Unfortunately, he's actually a well-paid part of the establishment and goes around making speeches to business in which he advocates things which border on fascism. Like, for instance, forcibly closing "unviable" provincial towns by refusing to pay benefits to anyone who live in them. Yes, really.
In the column, along with wholesale privatisation of health and education, Morgan proposes replacing all welfare payments with a Poor Person's Benefit, which is strictly income and asset-tested - that is, creating the perfect poverty trap. "Society," he says, "decides at what level of poverty taxpayers will provide income support". Oh really?
All this madness is so we can, he says "begin to close the 40 percent gap between our standard of living and that of the average American". Yeah, right. His lack of any concept of social cost borders on the pathological and if he thinks the maintenance of the kind of vast, sad underclass that keeps California smiling is a good thing, he's very stupid.
The point here is that we have economists of both the left and right who seem to have lost touch with ordinary people. And, folks, people is what it's all about.
As we tot up the year just gone, we tend to think of the famous names. Winston Peters - how unimportant he seems now - David Lange and Jim Bolger, who both bowed out. Michael Hutchence - who the rumors say really did go the way of Fox Mulder - Nusrat Fateh Ali Khan, Mat Rata and Eva Rickard, who passed on up.
And, of course, Diana, Princess of Wales, whose sudden death provoked an incredible and somewhat unhealthy hysteria. Well, the double CD is in the shops, but the books are already headed for the bargain bins, so there's an end in sight there. How commodified has someone become when we measure their passing by tracking retail goods?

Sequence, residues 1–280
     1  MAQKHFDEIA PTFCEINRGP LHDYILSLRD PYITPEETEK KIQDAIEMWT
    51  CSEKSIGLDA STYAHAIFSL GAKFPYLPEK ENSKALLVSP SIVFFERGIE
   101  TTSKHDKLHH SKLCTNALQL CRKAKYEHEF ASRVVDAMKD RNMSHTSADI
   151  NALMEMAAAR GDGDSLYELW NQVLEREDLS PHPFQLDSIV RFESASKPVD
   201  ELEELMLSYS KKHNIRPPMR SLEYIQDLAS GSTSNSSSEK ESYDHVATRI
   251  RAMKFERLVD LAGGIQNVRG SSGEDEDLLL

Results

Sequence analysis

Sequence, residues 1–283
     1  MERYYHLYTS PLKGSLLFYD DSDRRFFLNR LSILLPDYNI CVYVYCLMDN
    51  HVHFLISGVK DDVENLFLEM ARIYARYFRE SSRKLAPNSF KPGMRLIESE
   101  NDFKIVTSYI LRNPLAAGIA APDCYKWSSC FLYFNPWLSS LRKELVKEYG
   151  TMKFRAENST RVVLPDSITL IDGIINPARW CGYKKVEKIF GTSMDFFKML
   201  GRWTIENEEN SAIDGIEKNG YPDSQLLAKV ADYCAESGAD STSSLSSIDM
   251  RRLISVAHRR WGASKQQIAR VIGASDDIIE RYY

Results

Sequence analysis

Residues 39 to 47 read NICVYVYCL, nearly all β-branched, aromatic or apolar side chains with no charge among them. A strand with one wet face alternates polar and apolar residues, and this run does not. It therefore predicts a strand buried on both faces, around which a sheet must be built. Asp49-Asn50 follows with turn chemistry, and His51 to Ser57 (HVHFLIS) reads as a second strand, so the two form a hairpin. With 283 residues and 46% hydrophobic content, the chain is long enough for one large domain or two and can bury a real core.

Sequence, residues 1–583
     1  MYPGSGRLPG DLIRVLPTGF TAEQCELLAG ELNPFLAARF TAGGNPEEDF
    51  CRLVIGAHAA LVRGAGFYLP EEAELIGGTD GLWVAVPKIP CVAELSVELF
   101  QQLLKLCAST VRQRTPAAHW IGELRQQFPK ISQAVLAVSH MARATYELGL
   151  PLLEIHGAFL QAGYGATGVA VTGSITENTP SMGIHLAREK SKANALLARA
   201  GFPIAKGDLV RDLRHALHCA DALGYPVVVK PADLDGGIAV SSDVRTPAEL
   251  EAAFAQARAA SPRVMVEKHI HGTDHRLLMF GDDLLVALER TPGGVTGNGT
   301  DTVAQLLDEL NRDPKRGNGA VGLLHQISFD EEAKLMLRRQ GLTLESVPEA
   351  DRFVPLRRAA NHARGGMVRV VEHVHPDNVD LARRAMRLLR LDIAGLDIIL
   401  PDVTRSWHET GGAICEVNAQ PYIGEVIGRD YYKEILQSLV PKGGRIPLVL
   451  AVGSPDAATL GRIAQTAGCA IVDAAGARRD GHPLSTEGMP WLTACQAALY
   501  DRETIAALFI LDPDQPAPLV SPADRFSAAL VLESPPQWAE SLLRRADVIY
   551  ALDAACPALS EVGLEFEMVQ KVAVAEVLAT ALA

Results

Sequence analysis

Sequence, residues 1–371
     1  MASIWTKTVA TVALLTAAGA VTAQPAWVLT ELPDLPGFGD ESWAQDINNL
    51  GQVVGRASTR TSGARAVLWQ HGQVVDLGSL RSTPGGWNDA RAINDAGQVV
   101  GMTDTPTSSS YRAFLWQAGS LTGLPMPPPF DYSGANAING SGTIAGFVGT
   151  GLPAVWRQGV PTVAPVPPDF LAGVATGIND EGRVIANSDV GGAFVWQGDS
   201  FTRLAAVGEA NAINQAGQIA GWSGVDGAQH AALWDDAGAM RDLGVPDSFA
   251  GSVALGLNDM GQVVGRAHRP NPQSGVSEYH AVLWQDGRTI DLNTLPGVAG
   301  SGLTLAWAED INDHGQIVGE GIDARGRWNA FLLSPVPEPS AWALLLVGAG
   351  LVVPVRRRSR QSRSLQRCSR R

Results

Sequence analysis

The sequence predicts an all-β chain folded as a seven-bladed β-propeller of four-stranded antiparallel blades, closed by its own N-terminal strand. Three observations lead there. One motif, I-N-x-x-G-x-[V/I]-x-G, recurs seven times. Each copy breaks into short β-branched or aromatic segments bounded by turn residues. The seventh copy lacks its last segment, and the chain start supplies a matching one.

In the end, however, it's you and me and our Mums and Dads and kids. Huge tracts of the world's population will never know the lives we enjoy, but that doesn't make the enjoyment wrong. I believe in Christmas, in a pagan sort of a way, and I've spent too much on the kids, just like my parents did before me. I can still see the Christmas morning trees of my youth, stacked deep with parcels, and I'm sure it'll make the same impression on my kids.
There's another year looming, of course - and it might be a pretty tough one, with ideologues rampant in the government, and something very rotten in the Asian economies threatening to seep over here. I seem to be hearing about a lot of redundancies lately, which makes me a little concerned.
But, El Nino notwithstanding, it is summer in New Zealand, and that counts for a lot. I commend to you the beaches and the rivers and the parks. Don't get a melanoma, don't drive drunk and I'll be back with you in 1998.
G'bye!== == Russell Brown [ @ / @ ] firstname.lastname@example.org / ________________________________________ (_) "The views expressed on this programme ____) are bloody good ones." Fred Dagg, 197? _________________________________________ |||
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Last update: 19 December 1997